Adderall is a stimulant prescribed to treat ADHD and narcolepsy, but it’s also used recreationally by college students.
Its effects are similar to the effects of cocaine or amphetamine: increased focus and concentration, increased energy, and increased metabolism. And like cocaine and amphetamine, Adderall can be addictive.
Adderall is not just for those with ADD or ADHD. It’s also a popular study aid for college students who want to improve their grades and stay awake for long periods of time. But taking Adderall when you don’t need it is illegal—and that’s not the only risk associated with this drug.
What are the benefits of Adderall?
Adderall is a stimulant. It works by increasing the amount of dopamine and norepinephrine in the brain. These chemicals are responsible for controlling our mood, attention span, and ability to focus on tasks.
When someone has ADD or ADHD, their brains have trouble producing enough dopamine and norepinephrine to function properly. This can cause symptoms like having trouble staying focused on one thing at a time, having trouble remembering things that happened earlier in the day or even five minutes ago, feeling restless or anxious all the time (even when there’s nothing going on), getting upset easily over small things and having trouble controlling your temper or impulses (like wanting to yell at someone who makes you mad).
When Adderall is taken by people who have ADD/ADHD, it helps them produce more dopamine so they can stay focused on their tasks for longer periods of time without getting distracted as easily by other things happening around them (like noise or bright lights).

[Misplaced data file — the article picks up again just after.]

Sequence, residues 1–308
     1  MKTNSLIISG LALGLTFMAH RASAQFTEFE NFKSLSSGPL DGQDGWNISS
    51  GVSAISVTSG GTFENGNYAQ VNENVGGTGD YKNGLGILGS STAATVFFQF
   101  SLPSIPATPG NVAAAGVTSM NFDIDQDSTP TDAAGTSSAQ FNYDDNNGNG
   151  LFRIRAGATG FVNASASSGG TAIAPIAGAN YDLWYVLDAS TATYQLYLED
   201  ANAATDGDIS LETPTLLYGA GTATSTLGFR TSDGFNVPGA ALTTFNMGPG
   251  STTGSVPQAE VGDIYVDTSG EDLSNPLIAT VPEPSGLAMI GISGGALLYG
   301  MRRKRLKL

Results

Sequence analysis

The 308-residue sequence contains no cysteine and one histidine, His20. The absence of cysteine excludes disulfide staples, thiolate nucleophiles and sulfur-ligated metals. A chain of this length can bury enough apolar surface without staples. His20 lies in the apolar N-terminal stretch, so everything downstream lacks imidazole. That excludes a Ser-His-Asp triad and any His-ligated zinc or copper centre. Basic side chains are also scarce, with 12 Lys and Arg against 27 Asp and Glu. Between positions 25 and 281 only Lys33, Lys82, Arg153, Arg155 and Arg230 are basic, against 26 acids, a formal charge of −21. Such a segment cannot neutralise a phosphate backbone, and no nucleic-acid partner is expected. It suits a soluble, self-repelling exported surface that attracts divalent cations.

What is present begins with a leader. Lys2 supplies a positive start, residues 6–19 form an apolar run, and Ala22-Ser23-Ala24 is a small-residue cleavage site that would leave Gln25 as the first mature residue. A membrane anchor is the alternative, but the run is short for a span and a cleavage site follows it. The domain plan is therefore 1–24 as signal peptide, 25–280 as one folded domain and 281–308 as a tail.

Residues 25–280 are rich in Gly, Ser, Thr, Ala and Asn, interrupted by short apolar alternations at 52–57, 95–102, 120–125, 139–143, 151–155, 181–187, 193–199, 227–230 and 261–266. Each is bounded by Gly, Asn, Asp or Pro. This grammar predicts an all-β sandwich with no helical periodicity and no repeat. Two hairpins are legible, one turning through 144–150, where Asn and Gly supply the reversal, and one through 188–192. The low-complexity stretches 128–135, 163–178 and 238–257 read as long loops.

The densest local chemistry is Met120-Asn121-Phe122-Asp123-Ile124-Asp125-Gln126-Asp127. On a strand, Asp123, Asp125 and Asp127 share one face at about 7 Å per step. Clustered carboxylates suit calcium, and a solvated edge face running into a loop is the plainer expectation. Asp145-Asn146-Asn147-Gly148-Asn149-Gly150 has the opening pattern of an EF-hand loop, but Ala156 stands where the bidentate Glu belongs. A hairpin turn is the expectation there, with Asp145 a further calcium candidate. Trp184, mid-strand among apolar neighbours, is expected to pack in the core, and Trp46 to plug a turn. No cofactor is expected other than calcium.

The Effects of Adderall on Your Body
Adderall is not technically a narcotic, but it is classified as a controlled substance. This means that you will need a prescription from your doctor in order to get it. However, it’s possible to get an Adderall prescription without having ADHD if you have narcolepsy or if your doctor determines that you suffer from an emotional disorder related to attention deficit.
Adderall is one of the most commonly abused medications among college students because of its ability to increase energy levels and focus while decreasing feelings of fatigue and drowsiness. Some people also use Adderall as a recreational drug because they enjoy its stimulating effects; however, this can be dangerous because it can cause a heart attack or stroke when used excessively over long periods of time or without medical supervision.
Why is Adderall Addictive?
The drug works by increasing certain neurotransmitters in the brain: norepinephrine, dopamine, and serotonin. These chemicals are involved in many different functions throughout the brain, including emotional regulation and cognitive function.
When taken at prescribed doses, Adderall does not have any serious side effects. However, when abused or taken with other drugs such as alcohol or marijuana, serious side effects can occur.
The most common Adderall abuse occurs when people take larger than prescribed doses of this stimulant medication. This can lead to serious health complications like heart problems and seizures.